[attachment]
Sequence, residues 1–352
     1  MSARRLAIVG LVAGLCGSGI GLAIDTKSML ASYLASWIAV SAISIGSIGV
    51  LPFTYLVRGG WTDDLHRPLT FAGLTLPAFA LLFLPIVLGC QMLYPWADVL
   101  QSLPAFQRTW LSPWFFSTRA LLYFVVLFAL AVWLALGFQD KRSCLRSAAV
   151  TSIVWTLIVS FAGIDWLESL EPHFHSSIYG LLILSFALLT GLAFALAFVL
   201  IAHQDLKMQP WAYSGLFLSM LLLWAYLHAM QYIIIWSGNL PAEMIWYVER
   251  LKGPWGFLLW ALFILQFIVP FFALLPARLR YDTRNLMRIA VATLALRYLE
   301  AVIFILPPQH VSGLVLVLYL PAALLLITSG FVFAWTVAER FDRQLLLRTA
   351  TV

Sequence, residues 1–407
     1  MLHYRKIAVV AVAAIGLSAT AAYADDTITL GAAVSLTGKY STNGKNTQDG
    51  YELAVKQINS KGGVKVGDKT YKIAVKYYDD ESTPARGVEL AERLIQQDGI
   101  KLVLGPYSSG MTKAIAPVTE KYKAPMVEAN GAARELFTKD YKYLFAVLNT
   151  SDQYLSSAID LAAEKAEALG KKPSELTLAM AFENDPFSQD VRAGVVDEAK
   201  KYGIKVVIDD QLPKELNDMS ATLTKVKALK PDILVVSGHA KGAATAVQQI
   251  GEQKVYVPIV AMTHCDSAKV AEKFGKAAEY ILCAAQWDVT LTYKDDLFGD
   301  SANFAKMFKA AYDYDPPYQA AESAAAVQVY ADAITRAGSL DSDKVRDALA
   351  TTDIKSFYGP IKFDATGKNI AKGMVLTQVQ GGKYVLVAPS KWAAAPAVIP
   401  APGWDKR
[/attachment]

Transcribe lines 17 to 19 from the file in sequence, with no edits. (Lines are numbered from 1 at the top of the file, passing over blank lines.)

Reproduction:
   301  SANFAKMFKA AYDYDPPYQA AESAAAVQVY ADAITRAGSL DSDKVRDALA
   351  TTDIKSFYGP IKFDATGKNI AKGMVLTQVQ GGKYVLVAPS KWAAAPAVIP
   401  APGWDKR